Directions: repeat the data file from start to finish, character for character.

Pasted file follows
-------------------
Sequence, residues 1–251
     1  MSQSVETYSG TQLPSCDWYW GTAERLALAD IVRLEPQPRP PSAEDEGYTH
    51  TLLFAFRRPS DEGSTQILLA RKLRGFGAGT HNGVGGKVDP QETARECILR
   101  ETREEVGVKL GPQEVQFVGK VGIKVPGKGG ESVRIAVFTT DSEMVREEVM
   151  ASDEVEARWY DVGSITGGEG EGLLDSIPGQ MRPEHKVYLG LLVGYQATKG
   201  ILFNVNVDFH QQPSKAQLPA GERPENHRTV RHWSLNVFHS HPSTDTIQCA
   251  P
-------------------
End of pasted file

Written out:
Sequence, residues 1–251
     1  MSQSVETYSG TQLPSCDWYW GTAERLALAD IVRLEPQPRP PSAEDEGYTH
    51  TLLFAFRRPS DEGSTQILLA RKLRGFGAGT HNGVGGKVDP QETARECILR
   101  ETREEVGVKL GPQEVQFVGK VGIKVPGKGG ESVRIAVFTT DSEMVREEVM
   151  ASDEVEARWY DVGSITGGEG EGLLDSIPGQ MRPEHKVYLG LLVGYQATKG
   201  ILFNVNVDFH QQPSKAQLPA GERPENHRTV RHWSLNVFHS HPSTDTIQCA
   251  P